• Should the age limit at which people can apply for a Gender Recognition Certificate (GRC) be lowered?
  • What impact will these proposed changes have on those people applying for a Gender Recognition Certificate, and on trans people more generally?
  • What else should the Government have included in its proposals, if anything?
  • Does the Scottish Government’s proposed Bill offer a more suitable alternative to reforming the Gender Recognition Act 2004?

 

Wider issues concerning transgender equality and current legislation:

  • Why is the number of people applying for GRCs so low compared to the number of people identifying as transgender?
  • Are there challenges in the way the Gender Recognition Act 2004 and the Equality Act 2010 interact? For example, in terms of the different language and terminology used across both pieces of legislation.
  • Are the provisions in the Equality Act for the provision of single-sex and separate-sex spaces and facilities in some circumstances clear and useable for service providers and service users? If not, is reform or further guidance needed?
  • Does the Equality Act adequately protect trans people? If not, what reforms, if any, are needed
  • What issues do trans people have in accessing support services, including health and social care services, domestic violence and sexual violence services?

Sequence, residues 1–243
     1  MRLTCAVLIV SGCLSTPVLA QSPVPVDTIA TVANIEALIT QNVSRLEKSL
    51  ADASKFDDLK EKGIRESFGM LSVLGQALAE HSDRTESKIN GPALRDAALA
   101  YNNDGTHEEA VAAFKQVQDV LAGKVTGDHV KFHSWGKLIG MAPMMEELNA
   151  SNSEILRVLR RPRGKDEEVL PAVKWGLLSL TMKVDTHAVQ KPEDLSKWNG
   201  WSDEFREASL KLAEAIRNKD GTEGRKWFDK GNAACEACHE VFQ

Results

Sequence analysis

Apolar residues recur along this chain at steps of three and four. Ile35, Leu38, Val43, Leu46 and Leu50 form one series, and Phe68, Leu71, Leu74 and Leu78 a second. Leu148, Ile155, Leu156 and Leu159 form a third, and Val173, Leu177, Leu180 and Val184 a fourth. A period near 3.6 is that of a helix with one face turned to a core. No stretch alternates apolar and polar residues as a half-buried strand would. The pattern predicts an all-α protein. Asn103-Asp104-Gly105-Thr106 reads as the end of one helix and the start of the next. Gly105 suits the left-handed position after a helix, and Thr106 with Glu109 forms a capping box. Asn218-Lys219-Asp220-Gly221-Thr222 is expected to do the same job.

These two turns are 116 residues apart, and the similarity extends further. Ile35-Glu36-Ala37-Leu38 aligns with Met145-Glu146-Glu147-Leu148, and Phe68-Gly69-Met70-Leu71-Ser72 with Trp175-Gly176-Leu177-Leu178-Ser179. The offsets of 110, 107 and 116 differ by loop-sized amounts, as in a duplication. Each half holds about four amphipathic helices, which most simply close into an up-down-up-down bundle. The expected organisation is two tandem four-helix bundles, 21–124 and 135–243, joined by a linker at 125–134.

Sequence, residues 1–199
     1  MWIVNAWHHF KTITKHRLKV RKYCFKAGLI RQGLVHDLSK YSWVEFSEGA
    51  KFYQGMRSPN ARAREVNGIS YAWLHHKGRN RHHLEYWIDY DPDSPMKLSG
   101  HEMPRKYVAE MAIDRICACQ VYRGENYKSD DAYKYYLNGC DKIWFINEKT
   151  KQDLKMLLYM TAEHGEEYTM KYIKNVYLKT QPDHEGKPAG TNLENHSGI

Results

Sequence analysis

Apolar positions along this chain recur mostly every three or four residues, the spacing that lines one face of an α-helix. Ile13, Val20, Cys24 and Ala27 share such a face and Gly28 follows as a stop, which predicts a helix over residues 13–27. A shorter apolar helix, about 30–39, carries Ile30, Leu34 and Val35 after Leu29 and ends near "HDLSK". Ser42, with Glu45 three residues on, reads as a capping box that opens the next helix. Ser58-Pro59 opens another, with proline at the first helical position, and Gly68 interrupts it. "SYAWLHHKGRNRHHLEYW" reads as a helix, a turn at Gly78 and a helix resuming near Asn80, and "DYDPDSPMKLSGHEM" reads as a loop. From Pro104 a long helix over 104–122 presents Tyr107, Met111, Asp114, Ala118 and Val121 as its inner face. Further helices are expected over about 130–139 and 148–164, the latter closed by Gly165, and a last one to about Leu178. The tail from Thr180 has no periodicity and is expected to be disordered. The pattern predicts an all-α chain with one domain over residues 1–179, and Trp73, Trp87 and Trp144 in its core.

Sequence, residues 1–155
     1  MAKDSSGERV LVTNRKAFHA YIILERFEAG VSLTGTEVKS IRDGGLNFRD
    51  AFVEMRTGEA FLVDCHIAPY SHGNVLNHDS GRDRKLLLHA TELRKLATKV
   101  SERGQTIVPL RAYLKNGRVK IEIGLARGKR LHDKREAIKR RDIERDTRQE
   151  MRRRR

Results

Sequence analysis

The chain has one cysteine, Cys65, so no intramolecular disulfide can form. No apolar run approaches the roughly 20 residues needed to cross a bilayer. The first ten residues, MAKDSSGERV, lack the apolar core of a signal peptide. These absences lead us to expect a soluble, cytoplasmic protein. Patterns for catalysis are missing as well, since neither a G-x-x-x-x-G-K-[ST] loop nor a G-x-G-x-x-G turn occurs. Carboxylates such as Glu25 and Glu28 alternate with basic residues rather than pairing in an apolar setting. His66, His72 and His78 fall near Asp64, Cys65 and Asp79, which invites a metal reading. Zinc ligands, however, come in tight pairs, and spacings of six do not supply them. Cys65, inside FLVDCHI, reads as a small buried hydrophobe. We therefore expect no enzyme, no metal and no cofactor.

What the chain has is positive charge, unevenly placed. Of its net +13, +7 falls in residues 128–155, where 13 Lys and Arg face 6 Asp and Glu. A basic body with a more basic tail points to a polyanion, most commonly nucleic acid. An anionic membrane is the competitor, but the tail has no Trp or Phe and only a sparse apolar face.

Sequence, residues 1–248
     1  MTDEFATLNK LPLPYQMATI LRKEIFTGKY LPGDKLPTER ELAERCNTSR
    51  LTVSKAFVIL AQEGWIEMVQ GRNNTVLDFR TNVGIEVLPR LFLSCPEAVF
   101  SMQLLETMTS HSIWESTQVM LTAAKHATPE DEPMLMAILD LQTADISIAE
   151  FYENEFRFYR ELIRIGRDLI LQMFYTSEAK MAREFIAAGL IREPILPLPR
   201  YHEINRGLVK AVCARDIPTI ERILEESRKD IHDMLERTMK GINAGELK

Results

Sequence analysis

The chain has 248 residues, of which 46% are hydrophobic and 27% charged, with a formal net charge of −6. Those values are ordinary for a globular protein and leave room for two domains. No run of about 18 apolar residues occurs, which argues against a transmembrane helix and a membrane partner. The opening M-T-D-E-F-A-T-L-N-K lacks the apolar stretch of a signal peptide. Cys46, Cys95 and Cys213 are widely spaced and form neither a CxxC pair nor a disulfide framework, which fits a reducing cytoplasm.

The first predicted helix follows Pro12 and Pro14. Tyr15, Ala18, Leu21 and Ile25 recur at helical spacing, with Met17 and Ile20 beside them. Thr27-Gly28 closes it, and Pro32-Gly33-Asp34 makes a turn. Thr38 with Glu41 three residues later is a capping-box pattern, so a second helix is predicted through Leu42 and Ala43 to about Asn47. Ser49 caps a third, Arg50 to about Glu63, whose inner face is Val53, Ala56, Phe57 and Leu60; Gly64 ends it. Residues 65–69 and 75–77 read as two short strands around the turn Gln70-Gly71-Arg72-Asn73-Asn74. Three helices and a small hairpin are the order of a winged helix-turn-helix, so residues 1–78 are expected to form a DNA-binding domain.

• Are legal reforms needed to better support the rights of gender-fluid and non-binary people? If so, how?

 

You can submit evidence until Friday 27 November.

Your Submission

If your submission is accepted by the Committee, it will usually be published online. It will then be available permanently for anyone to view. It can’t be changed or removed.

If you have included your name or any personal information in your submission, that will be published too. Please consider how much personal information you want or need to share. Your contact details will never be published.

Decisions about publishing evidence anonymously, or about accepting but not publishing evidence, are made by the Committee. If you want to ask the Committee to keep your evidence anonymous (we’ll publish your evidence but not your name or personal details) or confidential (the Committee will read your evidence but it won’t be published) then please tick the box on the submission form. This lets the Committee know what you would like but the final decision will be taken by the Committee.

We can’t publish submissions that mention ongoing legal cases – contact us if you are not sure what this means for you.

More guidance on providing written evidence to a select committee can be found .

Please feel welcome to discuss any questions with the Committee staff at womeqcom@parliament.uk;

Signposting

We understand that the issues raised in this inquiry may be potentially complex or sensitive. The Committee cannot provide advice on cases.

 

If you would like support about any of the issues raised, you may wish to contact a specialist support service, such as:

 

– 0808 800 0082

– 0300 123 3393

– 116 123

 

If you would require additional advice or support on a range of other issues you may wish to contact on 03444 111 444.